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  • A most intriguing subject. I sometimes wonder about this problem on another level. I find that in the photography world, we generally prefer some level of distortion or decay over generic beauty. We prefer to view the weathered face, the ramshackle barn, the peeling sign, the rusted car etc over those forms which are simply pretty in a generic way. Who takes pictures of suburbia? (I know someone does, but on the whole, generic pretty is far more challenging to capture, unless it can be given some kind of Stepford-wive’s vibe. I guess we have our Southern Comfort Magazines and paintings by Kincade (sp?) but we rarely think of those images of styled beauty as being truly artful. So why is it, that we… who prefer to posses a generically beautiful face, or a suburban home (as opposed to a spray painted tenement house…) still prefer the latter in images. The world I seek to create around myself, is not a world I traditionally want to examine with art.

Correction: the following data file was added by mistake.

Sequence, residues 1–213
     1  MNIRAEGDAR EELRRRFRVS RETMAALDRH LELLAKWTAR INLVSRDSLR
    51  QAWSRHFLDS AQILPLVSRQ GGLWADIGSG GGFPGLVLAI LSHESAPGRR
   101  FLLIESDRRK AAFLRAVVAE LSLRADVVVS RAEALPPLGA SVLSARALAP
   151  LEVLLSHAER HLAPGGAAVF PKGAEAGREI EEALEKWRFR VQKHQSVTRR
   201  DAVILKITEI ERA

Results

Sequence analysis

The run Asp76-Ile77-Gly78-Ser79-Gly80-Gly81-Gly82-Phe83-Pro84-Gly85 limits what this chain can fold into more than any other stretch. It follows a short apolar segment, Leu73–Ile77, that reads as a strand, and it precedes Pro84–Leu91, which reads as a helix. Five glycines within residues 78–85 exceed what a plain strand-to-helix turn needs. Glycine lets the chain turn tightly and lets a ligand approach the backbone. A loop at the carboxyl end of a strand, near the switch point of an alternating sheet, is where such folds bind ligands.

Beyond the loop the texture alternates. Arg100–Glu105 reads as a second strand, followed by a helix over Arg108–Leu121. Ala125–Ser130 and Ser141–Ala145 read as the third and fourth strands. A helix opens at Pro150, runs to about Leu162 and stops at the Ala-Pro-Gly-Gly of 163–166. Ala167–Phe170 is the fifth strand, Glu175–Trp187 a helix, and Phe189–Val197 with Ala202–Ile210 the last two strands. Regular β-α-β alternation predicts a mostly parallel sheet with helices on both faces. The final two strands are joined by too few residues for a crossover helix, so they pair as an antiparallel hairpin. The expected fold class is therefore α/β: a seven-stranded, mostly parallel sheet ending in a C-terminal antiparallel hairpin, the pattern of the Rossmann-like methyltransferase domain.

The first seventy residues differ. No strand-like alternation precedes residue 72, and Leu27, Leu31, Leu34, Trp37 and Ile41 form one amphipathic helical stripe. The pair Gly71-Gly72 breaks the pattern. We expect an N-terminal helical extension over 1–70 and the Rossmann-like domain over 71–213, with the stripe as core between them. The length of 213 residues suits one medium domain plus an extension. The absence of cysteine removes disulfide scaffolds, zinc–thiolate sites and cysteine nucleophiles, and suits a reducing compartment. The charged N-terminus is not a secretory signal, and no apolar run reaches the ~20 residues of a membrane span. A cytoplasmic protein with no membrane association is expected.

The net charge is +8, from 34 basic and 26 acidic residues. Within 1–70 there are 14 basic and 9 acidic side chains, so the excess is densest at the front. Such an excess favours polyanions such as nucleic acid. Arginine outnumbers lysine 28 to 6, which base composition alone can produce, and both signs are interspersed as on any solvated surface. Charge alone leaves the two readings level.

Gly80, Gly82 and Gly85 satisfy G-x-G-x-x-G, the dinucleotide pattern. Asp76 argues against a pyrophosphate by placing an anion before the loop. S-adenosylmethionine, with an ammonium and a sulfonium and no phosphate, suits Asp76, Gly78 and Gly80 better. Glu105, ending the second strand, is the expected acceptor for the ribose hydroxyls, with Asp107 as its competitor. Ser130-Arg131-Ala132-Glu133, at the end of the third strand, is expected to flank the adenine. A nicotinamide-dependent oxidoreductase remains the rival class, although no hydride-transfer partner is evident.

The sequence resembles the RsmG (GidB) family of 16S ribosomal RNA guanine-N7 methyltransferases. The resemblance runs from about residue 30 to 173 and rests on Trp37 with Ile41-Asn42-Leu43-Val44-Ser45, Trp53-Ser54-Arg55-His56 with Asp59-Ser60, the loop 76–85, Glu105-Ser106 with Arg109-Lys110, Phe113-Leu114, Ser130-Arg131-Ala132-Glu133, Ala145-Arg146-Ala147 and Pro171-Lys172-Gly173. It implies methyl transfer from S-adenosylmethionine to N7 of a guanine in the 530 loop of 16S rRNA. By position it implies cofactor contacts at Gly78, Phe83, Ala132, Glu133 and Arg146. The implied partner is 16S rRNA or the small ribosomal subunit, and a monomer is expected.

• ps. I sometimes feel this question on a different level. I view and respond to art in which ugliness is strong component. Yet I sometimes feel checked in my soul when I intentionally produce such works. It is part of the “Whatsoever” admonition. (Ie, Whatsoever things are lovely, whatsoever things are pure, whatsoever things are noble….if there be any virtue, if there be any praise.. think on these things. (Loose from memory) So, while I respond and enjoy works in which ugliness plays a prominent theme, I find I can only go so far before conviction sets in. Same with sex themes. I view more in this realm than I feel comfortable producing, for the same reason. I expect to answer for the tastes I cultivate in myself, and those that I might forge in another. So I never feel the artistic liberty to do what I would, because I feel constrained by the idea that I must answer to God for what I savor — or encourage.